This notice of receipt of Ford's petition is published under 49 U.S.C. 30118 and 30120 and does not represent any agency decision or other exercise of judgment concerning the merits of the petition.
II. Vehicles Involved
Approximately 274,321 MY 2015-2017 Ford F-150 and MY 2017 FordStart Printed Page 95732F-Super Duty pickup trucks manufactured between March 12, 2014 and September 28, 2016, are potentially involved. The affected vehicles are those equipped with a 4-way adjustable driver and front passenger seat head restraint and a front row center seating position (referred to as a “40/20/40 front seat”).
Ford explains that the noncompliance is that the driver and front passenger seat head restraints in the subject vehicles do not meet the minimum width requirements of paragraph S4.2.2 of FMVSS No. 202a. The head restraints have, on average, a width of 239 mm, which is below the 254 mm minimum width required by the standard.
IV. Rule Text
Paragraph S4.2.2 of FMVSS No. 202a states:
S4.2.2 Width. When measured in accordance with S5.2.2 of this section, 65 ± 3 mm below the top of the head restraint, the lateral width of a head restraint must be not less than 170 mm, except the lateral width of the head restraint for front outboard designated seating positions in a vehicle with a front center designated seating position, must be no less than 254mm . . .
V. Summary of Ford's Petition
Ford described the subject noncompliance and stated its belief that the noncompliance is inconsequential as it relates to motor vehicle safety.
In support of its petition, Ford submitted the following reasoning:
1. Identical bucket seat and head restraint design provides the intended level of protection: The outboard front bucket seats (cushion, back, head restraint) are identical for trucks built with or without a front row center designated seating position (dsp). In fact, it is possible to remove the seats from a subject truck and swap them with the seats from a truck built without a front center dsp. The center area between the two outboard front bucket seats can be configured with a fold down storage console/dsp, center storage console, or nothing. The outboard bucket seats are the same, regardless of the selected center option.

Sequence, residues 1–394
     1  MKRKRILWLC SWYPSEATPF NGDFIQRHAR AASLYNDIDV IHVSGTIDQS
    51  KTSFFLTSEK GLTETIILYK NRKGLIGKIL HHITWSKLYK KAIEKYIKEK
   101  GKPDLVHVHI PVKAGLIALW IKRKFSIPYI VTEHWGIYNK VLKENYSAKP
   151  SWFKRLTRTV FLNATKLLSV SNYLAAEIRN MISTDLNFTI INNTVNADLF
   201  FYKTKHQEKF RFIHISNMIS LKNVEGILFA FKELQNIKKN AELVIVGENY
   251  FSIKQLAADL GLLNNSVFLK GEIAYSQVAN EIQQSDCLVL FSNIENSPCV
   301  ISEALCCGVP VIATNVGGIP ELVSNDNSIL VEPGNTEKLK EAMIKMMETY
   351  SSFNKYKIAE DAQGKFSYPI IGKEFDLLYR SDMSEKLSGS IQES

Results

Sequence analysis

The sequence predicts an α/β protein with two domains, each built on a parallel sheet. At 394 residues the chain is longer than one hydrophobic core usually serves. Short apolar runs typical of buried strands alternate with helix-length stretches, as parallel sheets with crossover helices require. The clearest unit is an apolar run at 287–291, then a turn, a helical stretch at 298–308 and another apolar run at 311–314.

a. Review of preamble discussions (FMVSS No. 202a rulemaking) finds that the main reason for retaining the 254 mm width requirement was concern that “occupants seated on bench seats are freer than occupants of single seats to position themselves so that they are not directly in front of the head restraint, and a bench head restraint needs to be wider to assure that the head restraint will be behind the occupant in event of a crash.” (72 FR 25514)
b. Review of preamble discussions finds that the main reason for retaining the 170 mm width requirement, and not increasing to 254 mm, for “bucket seats” is “. . . front outboard non-bench seats have a defined contour that, in addition to belt use, better prescribe occupant seating position relative to the head restraint. Therefore, the front non-bench head restraints can be narrower than the front bench seat head restraints.” (69 FR 74848)